Throwback Thursday: When the Red Sox First Retired Numbers
You might have expected the first pre-game ceremony to officially retire two Red Sox numbers to be a big affair. It was May 29, 1984, and Ted Williams was going be at Fenway to see his number 9 appear on the facade over Section 1, never to be worn again. Baseball history was in the making.
But that night 30 years ago was inauspicious. The Red Sox were 17 games out of first place. (And you thought this season was going poorly.) It was raining. The team announced an attendance of 15,472, but it was probably less than that, according to the Globe‘s Peter Gammons. Fans had been confused when the team announced it would retire the numbers of Joe Cronin and Ted Williams. No one had actually worn Williams’s number since he took it off. And plenty of people had worn Cronin’s. As Mark Armour writes in a biography of him, “Few fans would have known what number Cronin had worn.” (It was No. 4.)
The ceremony had come about the previous fall, when the Sox decided to begin retiring numbers and implemented strict criteria to make sure it didn’t get out of hand. According to the rules they drew up, a player needed to be a member of the Hall of Fame, and he had to play 10 or more years with the Red Sox. At the time, only two men passed the test: Williams and Cronin, who had played, then managed, then general managed the team.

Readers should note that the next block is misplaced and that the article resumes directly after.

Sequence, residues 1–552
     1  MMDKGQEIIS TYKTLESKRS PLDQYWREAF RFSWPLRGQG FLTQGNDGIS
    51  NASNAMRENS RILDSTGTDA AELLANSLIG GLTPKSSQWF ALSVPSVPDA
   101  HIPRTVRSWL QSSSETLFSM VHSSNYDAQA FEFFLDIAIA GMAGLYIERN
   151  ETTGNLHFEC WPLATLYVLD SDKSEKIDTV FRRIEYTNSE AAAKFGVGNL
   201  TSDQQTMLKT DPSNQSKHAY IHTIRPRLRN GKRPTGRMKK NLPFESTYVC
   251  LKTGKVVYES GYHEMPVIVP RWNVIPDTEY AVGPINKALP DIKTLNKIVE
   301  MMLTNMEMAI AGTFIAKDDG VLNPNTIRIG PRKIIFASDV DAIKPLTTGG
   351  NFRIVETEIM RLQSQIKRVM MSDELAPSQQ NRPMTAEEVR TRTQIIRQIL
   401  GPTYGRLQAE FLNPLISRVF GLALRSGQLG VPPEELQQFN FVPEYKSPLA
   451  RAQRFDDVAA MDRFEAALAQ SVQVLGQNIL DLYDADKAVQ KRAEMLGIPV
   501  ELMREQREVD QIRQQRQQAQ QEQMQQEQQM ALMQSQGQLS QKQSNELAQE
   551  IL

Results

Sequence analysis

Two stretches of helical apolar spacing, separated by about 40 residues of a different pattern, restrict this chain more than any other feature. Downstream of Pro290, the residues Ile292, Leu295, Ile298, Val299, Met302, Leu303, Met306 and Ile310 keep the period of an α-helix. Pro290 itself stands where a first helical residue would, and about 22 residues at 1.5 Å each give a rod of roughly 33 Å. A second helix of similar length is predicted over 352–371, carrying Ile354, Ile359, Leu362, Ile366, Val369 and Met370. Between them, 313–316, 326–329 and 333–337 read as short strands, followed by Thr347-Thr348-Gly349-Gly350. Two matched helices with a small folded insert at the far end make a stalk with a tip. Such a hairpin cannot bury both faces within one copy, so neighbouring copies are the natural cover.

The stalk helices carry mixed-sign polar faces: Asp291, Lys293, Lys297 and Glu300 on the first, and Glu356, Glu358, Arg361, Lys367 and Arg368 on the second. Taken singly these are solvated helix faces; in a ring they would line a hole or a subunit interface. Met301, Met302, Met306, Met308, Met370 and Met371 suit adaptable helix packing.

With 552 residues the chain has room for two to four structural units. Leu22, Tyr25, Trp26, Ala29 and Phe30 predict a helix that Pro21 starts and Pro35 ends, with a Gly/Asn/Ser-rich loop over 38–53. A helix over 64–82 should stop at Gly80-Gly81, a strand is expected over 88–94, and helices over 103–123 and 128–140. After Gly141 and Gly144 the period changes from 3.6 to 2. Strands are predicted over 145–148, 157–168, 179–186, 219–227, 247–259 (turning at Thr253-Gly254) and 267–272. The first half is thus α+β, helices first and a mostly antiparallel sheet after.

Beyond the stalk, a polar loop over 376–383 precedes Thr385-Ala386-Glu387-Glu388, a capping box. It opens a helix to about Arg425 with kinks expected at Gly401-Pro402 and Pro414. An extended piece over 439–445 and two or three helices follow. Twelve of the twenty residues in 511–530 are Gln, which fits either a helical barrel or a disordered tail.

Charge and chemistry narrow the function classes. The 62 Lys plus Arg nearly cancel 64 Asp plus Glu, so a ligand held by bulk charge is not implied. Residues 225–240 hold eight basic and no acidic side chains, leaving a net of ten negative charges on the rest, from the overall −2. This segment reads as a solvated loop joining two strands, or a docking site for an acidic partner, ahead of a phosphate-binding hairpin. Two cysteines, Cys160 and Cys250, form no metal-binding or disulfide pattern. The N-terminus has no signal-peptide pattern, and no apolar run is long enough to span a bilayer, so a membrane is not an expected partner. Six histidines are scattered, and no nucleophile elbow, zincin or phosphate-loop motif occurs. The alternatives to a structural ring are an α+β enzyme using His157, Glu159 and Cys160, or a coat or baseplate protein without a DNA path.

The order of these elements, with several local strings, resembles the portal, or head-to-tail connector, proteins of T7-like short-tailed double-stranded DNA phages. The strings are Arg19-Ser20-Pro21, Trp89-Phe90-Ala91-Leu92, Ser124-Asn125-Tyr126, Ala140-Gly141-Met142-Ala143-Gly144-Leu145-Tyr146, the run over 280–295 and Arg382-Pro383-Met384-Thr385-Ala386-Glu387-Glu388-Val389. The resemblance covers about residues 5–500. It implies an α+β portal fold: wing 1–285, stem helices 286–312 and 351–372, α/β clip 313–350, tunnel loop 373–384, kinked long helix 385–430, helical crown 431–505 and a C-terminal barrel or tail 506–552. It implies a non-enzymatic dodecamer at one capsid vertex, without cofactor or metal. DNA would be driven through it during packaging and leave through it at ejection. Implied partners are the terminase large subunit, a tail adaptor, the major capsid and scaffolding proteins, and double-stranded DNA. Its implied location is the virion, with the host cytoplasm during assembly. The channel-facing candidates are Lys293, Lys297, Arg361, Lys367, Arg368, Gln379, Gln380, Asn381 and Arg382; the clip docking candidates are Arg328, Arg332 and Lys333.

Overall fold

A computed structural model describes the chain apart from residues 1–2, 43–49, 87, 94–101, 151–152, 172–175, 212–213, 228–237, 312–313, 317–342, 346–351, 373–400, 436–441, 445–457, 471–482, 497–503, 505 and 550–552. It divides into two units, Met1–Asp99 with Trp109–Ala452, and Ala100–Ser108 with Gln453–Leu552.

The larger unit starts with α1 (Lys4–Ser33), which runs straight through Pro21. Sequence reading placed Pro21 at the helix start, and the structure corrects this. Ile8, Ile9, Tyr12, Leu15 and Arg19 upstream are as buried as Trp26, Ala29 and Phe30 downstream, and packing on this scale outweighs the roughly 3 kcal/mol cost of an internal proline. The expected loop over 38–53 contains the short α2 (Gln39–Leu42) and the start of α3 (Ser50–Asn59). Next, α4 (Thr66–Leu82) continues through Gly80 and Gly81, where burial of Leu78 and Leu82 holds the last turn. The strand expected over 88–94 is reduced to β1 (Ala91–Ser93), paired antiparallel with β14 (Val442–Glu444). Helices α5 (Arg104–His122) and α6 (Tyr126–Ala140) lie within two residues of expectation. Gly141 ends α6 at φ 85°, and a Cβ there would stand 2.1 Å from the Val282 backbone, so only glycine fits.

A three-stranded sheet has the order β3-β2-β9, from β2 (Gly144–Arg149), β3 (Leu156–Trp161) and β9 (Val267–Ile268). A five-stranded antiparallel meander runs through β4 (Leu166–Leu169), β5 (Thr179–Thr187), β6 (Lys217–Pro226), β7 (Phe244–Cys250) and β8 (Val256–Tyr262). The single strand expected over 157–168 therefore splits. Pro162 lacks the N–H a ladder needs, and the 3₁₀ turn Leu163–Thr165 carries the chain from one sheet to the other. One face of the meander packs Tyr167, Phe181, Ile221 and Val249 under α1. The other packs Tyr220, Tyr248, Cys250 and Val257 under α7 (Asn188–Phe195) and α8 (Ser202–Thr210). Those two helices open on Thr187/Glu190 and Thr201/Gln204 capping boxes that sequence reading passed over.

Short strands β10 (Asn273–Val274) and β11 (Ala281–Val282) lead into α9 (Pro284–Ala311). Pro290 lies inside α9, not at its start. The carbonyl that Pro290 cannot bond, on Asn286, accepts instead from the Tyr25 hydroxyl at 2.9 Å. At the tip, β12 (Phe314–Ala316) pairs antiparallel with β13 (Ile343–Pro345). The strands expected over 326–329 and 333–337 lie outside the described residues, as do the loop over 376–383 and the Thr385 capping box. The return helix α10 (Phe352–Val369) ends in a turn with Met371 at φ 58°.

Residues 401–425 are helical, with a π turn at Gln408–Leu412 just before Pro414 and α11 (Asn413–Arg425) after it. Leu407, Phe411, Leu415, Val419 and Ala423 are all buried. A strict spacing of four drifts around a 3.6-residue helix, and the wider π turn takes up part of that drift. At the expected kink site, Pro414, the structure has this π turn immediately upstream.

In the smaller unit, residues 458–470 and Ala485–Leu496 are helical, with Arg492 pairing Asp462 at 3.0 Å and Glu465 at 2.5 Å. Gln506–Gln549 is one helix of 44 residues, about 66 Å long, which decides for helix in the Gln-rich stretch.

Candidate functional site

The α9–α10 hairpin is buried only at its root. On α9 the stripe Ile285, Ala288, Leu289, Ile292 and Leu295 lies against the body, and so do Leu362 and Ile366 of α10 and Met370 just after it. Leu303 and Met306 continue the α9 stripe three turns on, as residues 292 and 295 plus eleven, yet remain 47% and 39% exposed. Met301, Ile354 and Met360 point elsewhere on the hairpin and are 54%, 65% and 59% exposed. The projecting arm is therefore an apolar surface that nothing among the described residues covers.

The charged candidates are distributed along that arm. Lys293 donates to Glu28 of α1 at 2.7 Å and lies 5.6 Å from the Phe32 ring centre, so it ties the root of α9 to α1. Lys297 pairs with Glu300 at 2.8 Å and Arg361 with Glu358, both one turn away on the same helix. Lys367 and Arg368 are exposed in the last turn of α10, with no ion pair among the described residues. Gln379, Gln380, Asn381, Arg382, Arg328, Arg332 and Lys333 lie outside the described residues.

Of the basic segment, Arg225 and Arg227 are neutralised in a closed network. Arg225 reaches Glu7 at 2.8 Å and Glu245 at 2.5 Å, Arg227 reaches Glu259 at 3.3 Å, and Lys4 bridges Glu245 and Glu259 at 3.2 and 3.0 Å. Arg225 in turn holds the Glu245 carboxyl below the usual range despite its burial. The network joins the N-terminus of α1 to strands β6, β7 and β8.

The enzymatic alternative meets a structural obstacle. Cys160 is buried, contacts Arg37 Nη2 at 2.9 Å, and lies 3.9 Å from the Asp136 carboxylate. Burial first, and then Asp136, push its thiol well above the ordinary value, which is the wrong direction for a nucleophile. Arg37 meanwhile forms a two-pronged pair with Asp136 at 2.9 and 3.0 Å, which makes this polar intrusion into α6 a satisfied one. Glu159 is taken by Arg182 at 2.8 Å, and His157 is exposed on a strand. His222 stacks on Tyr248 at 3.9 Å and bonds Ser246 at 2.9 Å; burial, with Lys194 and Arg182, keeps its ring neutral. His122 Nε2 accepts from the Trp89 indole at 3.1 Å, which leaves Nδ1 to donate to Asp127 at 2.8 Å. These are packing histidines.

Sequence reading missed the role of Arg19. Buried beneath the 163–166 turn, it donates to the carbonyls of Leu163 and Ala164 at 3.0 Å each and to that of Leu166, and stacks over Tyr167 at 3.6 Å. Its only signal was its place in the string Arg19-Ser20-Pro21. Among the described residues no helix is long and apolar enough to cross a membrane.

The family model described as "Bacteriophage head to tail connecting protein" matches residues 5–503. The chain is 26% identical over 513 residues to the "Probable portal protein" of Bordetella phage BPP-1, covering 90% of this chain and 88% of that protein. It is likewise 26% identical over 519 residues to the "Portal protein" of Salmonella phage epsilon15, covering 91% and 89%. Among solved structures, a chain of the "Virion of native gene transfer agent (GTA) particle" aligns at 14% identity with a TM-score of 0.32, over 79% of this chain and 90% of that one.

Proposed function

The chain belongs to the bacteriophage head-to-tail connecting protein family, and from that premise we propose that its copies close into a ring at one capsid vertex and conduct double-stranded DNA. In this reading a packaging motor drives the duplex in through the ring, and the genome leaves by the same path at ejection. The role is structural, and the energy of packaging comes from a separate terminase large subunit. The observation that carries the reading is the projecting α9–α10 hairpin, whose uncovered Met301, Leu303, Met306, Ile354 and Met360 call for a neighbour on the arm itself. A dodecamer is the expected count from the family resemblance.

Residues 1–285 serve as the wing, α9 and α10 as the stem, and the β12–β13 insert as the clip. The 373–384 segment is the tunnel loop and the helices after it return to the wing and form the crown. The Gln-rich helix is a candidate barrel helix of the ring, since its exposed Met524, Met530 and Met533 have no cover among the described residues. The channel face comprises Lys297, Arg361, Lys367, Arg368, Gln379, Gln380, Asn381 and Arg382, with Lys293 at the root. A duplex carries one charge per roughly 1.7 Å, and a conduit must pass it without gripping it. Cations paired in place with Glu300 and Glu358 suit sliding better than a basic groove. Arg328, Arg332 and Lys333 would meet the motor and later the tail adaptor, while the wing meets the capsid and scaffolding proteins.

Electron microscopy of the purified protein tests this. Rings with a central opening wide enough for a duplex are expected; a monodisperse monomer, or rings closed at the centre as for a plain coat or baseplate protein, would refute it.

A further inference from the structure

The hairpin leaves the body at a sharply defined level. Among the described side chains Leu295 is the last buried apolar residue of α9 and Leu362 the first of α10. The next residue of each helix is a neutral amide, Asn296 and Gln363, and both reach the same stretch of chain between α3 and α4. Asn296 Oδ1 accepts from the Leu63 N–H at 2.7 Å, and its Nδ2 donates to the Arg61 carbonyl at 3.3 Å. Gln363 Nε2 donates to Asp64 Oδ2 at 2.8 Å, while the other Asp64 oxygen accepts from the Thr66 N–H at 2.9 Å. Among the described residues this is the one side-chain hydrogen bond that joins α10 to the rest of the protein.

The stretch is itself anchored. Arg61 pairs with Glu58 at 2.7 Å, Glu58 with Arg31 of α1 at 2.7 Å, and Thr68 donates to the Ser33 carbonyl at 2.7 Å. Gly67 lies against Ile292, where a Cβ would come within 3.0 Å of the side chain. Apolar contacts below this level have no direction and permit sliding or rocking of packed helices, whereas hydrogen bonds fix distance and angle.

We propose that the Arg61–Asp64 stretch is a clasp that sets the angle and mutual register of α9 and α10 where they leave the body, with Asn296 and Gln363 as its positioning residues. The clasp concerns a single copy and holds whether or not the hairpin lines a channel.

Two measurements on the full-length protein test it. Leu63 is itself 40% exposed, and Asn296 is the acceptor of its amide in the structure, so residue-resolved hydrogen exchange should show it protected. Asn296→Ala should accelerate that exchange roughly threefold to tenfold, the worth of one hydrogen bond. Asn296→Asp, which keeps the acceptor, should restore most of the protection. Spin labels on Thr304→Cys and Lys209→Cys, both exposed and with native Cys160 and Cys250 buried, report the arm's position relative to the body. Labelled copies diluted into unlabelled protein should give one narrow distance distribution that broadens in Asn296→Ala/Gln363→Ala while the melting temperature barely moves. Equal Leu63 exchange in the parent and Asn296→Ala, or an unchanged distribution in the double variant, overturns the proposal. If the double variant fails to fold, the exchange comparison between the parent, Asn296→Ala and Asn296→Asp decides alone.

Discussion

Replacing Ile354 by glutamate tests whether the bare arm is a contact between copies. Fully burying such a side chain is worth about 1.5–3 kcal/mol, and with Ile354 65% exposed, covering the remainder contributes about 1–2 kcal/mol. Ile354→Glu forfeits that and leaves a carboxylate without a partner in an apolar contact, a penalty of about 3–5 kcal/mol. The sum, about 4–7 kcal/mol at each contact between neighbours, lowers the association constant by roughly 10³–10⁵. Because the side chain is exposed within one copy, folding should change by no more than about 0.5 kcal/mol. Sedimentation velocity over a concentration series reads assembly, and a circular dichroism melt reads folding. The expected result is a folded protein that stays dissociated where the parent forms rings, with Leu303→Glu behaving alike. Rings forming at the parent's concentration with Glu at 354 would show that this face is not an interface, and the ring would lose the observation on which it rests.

It was Cronin’s decision to turn up for the honor that night that really convinced Williams to show up. In his biography of Cronin, Mark Armour writes:
Had the event been for Williams alone, it might never have come off—he was generally uninterested in ceremonies or honors, especially when they involved him… But the main impetus for the evening was not to honor Ted Williams, who had been honored plenty; it was to honor Joe Cronin. Cronin was very ill, confined to a wheelchair, and suffering from cancer that would take his life less than four months later. For Cronin, a beloved former teammate, manager, and general manager, Williams enthusiastically signed on.
And so the team conducted the ceremony before a small, wet crowd. Cronin’s illness kept him off the field, but he watched from a box as Williams devoted much of his speech to his former manager. Gammons reported:
“One of the great breaks I had in this game was that I got to play for a manager like Joe,” Ted told the audience. Later, he told reporters that “Joe would always have some little blip before a game to get you thinking about the pitcher and the situation.”
He then laughed and recalled a story. “One day I told him, Joe, you’re getting gray hair,’ and he snapped back, and you know who put them there.’ “
Since then, the Sox have retired just five other numbers (the MLB retired Jackie Robinson’s, too), many of them before games when the Sox were having a better day. But that’s not to say that nothing went the Sox’s way on the night of that first ceremony. After all, it delayed the game by enough time that the umpires eventually had to call it off due to rain, saving the Sox from what was looking like an inevitable loss to the Twins. They might have retired, but Cronin and Williams had done it again for their old Red Sox.